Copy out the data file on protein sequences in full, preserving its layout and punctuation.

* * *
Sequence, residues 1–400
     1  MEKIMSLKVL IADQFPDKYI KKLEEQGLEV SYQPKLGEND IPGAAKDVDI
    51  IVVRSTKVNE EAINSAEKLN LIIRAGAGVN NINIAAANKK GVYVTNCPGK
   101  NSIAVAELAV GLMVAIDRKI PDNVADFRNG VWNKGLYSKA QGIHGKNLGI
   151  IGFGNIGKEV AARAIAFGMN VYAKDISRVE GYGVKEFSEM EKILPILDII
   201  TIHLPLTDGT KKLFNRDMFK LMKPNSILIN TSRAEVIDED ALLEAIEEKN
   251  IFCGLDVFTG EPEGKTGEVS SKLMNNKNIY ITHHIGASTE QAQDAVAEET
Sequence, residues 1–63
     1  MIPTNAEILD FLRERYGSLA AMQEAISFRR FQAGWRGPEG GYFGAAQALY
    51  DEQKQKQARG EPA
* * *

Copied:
Sequence, residues 1–400
     1  MEKIMSLKVL IADQFPDKYI KKLEEQGLEV SYQPKLGEND IPGAAKDVDI
    51  IVVRSTKVNE EAINSAEKLN LIIRAGAGVN NINIAAANKK GVYVTNCPGK
   101  NSIAVAELAV GLMVAIDRKI PDNVADFRNG VWNKGLYSKA QGIHGKNLGI
   151  IGFGNIGKEV AARAIAFGMN VYAKDISRVE GYGVKEFSEM EKILPILDII
   201  TIHLPLTDGT KKLFNRDMFK LMKPNSILIN TSRAEVIDED ALLEAIEEKN
   251  IFCGLDVFTG EPEGKTGEVS SKLMNNKNIY ITHHIGASTE QAQDAVAEET
Sequence, residues 1–63
     1  MIPTNAEILD FLRERYGSLA AMQEAISFRR FQAGWRGPEG GYFGAAQALY
    51  DEQKQKQARG EPA